Only after knowing all these pieces and thrashing on internet between many blogs, articles and stackoverflow slowly you will start completing the picture. I saw lot of frustration from new people to piece the story together. Same time many writers, Microsoft was trying their best to help you understand, they are often fighting the battle to keep things simple but still give you the full pictures. It is a fine balance to give you enough details but still keep things simple, as you can see in this article, i will be loosing the simplicity many times as i will get in to code which will muddy the water. But, hopefully you will be left with many pointers to investigate your own and slowly everything will fall in place.

Now, coming back to code. Here are the few questions, jumped at me while going thru the MVC5 application.

  • What is this attribute I see on one of the class.
    [assembly: OwinStartupAttribute(typeof(WindWood.Startup))]

    Note: windwood is my application name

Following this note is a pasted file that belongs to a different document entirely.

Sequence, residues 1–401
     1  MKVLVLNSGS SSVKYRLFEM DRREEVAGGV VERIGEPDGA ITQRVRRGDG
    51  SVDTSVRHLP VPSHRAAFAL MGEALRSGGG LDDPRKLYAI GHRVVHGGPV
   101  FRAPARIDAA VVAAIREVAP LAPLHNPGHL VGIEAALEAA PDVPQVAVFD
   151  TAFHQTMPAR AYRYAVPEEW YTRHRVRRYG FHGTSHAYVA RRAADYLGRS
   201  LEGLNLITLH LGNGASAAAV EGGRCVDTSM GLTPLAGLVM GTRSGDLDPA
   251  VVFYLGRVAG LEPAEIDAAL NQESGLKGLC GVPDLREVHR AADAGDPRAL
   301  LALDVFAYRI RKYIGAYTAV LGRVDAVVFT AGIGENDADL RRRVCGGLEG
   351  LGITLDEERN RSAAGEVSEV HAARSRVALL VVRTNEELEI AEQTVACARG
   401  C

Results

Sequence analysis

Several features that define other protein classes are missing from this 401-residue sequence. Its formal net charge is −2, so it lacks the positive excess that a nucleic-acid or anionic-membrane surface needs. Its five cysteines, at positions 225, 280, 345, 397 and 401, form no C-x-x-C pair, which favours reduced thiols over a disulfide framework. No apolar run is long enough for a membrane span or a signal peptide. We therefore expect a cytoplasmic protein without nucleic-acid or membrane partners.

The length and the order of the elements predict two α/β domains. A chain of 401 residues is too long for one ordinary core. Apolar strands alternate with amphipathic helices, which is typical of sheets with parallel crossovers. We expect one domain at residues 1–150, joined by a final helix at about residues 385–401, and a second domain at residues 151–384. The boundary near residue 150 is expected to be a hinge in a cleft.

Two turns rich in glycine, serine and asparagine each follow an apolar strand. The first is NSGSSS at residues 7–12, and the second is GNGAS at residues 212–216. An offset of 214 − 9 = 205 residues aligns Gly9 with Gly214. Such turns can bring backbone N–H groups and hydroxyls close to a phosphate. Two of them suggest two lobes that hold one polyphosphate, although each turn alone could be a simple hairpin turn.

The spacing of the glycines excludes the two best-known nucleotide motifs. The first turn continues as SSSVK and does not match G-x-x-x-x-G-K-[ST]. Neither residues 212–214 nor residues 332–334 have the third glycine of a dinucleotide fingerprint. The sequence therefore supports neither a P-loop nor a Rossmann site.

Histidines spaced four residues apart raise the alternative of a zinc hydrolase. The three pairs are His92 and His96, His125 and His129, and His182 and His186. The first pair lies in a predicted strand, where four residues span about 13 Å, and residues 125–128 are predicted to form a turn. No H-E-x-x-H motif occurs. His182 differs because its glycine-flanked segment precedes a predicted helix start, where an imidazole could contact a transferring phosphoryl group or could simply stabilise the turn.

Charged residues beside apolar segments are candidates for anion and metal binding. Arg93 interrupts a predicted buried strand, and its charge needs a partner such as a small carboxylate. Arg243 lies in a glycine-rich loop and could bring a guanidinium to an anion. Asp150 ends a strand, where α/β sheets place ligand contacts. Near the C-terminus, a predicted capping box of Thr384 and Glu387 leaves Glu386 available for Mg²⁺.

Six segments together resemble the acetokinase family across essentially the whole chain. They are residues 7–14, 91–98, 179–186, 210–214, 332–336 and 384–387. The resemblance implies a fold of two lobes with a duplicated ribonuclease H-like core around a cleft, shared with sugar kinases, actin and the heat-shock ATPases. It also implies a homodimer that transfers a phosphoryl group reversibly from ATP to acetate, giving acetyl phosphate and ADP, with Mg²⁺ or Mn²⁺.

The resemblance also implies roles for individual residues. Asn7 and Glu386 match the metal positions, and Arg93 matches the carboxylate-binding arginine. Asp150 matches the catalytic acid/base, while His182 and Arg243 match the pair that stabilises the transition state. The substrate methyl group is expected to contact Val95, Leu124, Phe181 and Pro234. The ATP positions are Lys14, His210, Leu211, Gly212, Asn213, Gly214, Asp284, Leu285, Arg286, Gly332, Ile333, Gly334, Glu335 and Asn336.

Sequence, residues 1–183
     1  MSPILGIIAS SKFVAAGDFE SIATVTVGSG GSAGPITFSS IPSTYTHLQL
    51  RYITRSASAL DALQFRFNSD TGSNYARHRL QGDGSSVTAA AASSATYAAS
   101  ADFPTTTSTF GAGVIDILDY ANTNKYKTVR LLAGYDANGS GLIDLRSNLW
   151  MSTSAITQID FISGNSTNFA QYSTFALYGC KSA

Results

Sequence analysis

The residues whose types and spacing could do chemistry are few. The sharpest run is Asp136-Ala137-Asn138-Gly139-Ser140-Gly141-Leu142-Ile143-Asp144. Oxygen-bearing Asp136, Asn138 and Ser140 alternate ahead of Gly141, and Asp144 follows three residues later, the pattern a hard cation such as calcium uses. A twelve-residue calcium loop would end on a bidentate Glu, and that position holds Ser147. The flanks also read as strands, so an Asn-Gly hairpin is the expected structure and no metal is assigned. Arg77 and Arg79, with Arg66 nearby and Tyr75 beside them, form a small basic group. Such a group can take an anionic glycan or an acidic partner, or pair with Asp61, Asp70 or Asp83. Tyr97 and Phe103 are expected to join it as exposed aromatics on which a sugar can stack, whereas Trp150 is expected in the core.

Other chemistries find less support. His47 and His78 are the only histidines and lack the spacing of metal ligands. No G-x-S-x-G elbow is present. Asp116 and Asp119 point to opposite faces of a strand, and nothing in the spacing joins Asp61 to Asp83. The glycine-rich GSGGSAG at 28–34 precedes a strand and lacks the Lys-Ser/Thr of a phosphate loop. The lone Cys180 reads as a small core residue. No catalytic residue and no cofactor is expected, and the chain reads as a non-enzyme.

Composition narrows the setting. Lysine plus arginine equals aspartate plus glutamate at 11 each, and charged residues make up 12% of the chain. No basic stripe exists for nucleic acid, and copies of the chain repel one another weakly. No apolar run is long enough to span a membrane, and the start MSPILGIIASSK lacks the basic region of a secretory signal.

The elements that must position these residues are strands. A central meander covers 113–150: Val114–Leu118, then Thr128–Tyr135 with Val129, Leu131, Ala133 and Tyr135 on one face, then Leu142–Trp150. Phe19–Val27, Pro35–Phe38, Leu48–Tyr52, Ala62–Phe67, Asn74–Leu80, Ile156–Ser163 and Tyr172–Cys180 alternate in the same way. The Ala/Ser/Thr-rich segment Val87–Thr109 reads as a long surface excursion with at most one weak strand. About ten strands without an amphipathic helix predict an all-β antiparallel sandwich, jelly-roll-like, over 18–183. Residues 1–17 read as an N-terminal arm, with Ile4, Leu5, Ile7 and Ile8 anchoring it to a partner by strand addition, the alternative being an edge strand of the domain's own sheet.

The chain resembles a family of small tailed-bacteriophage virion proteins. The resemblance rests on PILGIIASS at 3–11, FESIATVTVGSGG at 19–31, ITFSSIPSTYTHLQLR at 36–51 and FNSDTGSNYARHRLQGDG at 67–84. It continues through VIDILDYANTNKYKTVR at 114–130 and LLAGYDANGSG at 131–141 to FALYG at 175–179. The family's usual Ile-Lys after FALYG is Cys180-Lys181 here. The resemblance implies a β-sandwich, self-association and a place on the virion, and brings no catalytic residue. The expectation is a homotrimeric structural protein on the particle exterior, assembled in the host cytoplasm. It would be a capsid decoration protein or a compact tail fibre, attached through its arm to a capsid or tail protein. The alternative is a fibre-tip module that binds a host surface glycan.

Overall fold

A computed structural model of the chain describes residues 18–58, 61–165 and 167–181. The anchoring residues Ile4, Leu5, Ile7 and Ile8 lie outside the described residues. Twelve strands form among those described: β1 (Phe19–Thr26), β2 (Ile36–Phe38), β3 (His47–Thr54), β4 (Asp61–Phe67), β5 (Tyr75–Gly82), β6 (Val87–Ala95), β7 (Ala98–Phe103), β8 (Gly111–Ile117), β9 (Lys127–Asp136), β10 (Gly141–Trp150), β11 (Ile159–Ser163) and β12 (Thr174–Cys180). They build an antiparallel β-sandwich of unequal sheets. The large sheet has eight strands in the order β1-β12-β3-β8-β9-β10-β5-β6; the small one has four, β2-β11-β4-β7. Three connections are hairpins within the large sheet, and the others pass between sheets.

• There is a startup class, which has only one method called “Configuration”, what is it? Why it is called Configuration, can I call it something else?
  • Just uncommenting  app.UseGoogleAuthentication(); makes my google login work.  Magic!!! But how and why?
  • Whats the below code do, I don’t see any method call UseFacebookAuthentication on IAppBuilder. What the hell, am I hallucinating?

    appId: "25345345688543",
    appSecret: "1456785555658b24964345332224a02");
  • How the login details saved in DB.

You press F5, and every thing works fine. Kudos to Microsoft!  But If you are curious you will wonder how all this is wired up? So lets dig it up. First thing, I wanted to know what happens when you press F5. For that investigation, I have to step out of the MVC5 and get into Katana.